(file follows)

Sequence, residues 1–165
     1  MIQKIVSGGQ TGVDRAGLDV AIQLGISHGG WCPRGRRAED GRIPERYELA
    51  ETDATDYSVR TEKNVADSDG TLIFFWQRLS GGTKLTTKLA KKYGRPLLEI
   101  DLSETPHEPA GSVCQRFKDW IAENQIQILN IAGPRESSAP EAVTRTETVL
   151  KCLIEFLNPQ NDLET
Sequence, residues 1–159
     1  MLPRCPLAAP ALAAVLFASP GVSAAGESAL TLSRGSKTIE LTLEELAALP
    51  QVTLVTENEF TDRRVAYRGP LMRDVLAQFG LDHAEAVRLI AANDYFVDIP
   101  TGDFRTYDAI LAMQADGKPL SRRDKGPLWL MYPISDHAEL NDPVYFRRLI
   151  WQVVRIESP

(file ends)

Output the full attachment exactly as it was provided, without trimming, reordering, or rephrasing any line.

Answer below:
Sequence, residues 1–165
     1  MIQKIVSGGQ TGVDRAGLDV AIQLGISHGG WCPRGRRAED GRIPERYELA
    51  ETDATDYSVR TEKNVADSDG TLIFFWQRLS GGTKLTTKLA KKYGRPLLEI
   101  DLSETPHEPA GSVCQRFKDW IAENQIQILN IAGPRESSAP EAVTRTETVL
   151  KCLIEFLNPQ NDLET
Sequence, residues 1–159
     1  MLPRCPLAAP ALAAVLFASP GVSAAGESAL TLSRGSKTIE LTLEELAALP
    51  QVTLVTENEF TDRRVAYRGP LMRDVLAQFG LDHAEAVRLI AANDYFVDIP
   101  TGDFRTYDAI LAMQADGKPL SRRDKGPLWL MYPISDHAEL NDPVYFRRLI
   151  WQVVRIESP